I asked Keisha Blain, Senior Blog Editor, about the success of the AAIHS and the blog in particular. “I would credit two factors,” Blain said, “passion and creativity. It’s one thing to talk about a commitment to using all forms of media to reach a general public; it’s another to be passionately committed to doing it….we make time for it and we’re always trying new approaches.” She also offered some insight into the importance of editorial review. She noted that an editing team, a regular review process of blog material by the leadership team, and a strict publishing schedule have all contributed to the blog’s ability to provide consistent depth and breadth of content that attracts readers. The connection of the Senior Blog Editor to the AAIHS Board echoes some of the form of older scholarly societies where Editors served with other Board members, but makes sense in that it keeps the goals and practices of the organization and the blog aligned. Blain also offered terrific advice for graduate students and early career researchers about the role of social media in their career. Social media is most powerful, she observes, “as a platform from which to engage in crucial dialogue about a range of issues and as means of building community.”
The community of readers for AAIHS is itself a fascinating question. The scholars of African American history who comprise its conference goers and membership are clearly eclipsed in number by the popularity of the blog—and this is by design. The outreach that Blain described is creating a community of engaged readers who might have come for the Malcolm X and stayed for the daily diet of wide-ranging scholarly writing.
Arguably a key moment in galvanizing attention for AAIHS – certainly for its combination of intellectual work and public outreach — was the creation of the Charleston Syllabus. Hashtag syllabi are generally recognized as originating with Marcia Chatelain, a professor in the history department at Georgetown University who started the #FergusonSyllabus campaign on Twitter as a way to generate resources for educators around issues of race and violence. Two nights after the racially motivated murder of 9 men and women at the Emanuel African Methodist Episcopal Church in Charleston in June, 2015, Professor Chad Williams of Brandeis University started the #CharlestonSyllabus. Reading about how this movement moved, one can’t help but be moved. Within an hour, the #CharlestonSyllabus was trending. Williams and AAIHS Secretary and Senior Blog Editor Keisha Blain, a professor at the University of Iowa, along with Professor Kidada Williams of Wayne State University, published a version of the #CharlestonSyllabus as a book, Charleston Syllabus: Readings on Race, Racism, and Racial Violence from the University of Georgia Press. Publishers Weekly called the book, “an offshoot of the original online syllabus (a blockbuster bibliographic tool that’s also included in this volume)…simply a must-read.”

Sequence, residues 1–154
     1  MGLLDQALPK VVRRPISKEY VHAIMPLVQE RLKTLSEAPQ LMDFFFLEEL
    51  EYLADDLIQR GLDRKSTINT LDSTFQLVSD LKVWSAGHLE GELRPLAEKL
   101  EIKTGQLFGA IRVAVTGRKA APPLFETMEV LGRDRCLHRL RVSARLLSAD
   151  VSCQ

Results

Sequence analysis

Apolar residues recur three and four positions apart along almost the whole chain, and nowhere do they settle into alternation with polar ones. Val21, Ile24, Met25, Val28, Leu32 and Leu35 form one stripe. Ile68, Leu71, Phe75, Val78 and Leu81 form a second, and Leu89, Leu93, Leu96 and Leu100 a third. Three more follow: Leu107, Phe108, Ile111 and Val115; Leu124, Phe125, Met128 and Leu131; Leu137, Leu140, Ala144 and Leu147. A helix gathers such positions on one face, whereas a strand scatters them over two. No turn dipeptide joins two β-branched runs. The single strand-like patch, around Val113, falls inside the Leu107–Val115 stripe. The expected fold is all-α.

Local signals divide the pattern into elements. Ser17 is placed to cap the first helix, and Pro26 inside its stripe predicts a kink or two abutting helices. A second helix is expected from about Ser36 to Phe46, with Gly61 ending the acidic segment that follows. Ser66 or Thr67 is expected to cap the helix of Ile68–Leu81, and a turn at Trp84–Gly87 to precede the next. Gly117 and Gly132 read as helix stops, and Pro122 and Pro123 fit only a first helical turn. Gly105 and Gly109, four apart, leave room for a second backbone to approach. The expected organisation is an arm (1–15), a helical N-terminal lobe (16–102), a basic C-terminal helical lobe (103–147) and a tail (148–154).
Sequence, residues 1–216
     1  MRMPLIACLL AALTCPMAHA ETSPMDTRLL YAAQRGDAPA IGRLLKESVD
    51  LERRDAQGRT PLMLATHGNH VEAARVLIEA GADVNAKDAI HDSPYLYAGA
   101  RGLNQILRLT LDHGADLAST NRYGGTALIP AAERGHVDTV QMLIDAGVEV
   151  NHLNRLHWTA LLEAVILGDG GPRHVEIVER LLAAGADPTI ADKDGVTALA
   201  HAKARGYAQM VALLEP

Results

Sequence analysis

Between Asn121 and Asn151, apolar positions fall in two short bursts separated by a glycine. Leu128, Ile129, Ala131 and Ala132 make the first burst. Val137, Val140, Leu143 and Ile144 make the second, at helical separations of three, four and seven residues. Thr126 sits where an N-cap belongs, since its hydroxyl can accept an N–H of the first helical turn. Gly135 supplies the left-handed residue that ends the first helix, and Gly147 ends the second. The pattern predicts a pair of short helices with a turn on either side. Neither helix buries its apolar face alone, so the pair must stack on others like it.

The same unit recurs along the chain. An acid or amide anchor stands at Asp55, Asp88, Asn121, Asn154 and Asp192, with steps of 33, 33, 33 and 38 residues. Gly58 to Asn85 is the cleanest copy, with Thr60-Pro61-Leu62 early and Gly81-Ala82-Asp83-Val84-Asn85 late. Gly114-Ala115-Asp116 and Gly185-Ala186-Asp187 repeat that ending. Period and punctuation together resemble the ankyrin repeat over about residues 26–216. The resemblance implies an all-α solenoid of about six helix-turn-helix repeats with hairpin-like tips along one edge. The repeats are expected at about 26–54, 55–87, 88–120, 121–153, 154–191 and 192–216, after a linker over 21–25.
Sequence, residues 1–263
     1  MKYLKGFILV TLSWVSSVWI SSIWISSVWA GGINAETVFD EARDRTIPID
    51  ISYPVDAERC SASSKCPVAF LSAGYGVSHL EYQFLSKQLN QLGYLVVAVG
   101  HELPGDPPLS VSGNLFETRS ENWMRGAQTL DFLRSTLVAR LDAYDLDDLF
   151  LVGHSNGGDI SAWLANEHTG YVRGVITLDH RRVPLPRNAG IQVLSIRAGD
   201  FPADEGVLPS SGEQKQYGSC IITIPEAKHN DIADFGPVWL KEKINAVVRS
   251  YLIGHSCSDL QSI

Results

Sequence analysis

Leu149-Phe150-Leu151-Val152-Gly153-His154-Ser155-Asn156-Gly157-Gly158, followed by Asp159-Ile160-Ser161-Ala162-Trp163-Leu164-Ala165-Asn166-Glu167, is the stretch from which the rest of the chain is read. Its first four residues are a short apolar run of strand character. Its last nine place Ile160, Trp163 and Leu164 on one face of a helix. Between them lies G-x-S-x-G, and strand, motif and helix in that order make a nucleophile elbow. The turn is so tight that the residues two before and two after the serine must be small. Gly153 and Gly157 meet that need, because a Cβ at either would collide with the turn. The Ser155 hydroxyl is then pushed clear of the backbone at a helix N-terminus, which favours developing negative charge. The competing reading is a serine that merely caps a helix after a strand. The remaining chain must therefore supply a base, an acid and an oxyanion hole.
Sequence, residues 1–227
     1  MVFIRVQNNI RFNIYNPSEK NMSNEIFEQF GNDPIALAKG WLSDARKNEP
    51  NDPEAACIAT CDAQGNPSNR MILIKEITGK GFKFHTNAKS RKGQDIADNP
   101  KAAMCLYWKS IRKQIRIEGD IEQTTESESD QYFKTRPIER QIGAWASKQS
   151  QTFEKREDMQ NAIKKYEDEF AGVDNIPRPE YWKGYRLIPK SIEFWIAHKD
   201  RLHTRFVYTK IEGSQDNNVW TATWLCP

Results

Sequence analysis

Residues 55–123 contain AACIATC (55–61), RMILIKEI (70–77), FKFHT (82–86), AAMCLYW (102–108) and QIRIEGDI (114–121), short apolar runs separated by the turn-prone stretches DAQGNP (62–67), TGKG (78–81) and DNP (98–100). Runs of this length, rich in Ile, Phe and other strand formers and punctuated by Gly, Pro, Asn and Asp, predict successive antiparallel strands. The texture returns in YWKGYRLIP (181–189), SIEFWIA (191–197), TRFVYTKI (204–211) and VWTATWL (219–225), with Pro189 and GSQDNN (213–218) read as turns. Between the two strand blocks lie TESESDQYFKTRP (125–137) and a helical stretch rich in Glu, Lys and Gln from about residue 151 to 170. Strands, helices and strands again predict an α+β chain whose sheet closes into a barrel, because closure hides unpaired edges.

What makes something a “must-read?” Well, in one’s own field of specialization you’ve got to keep up. But the ambition of the AAIHS and Black Perspectives – and the #CharlestonSyllabus — is different, and not because there isn’t deep field specialization here. The ambition here is to engage citizen thinkers around the most urgent issues of the past that live in our present. That’s work that scholarly societies for hundreds of years have reached toward, but rarely in such explicit and expansive terms.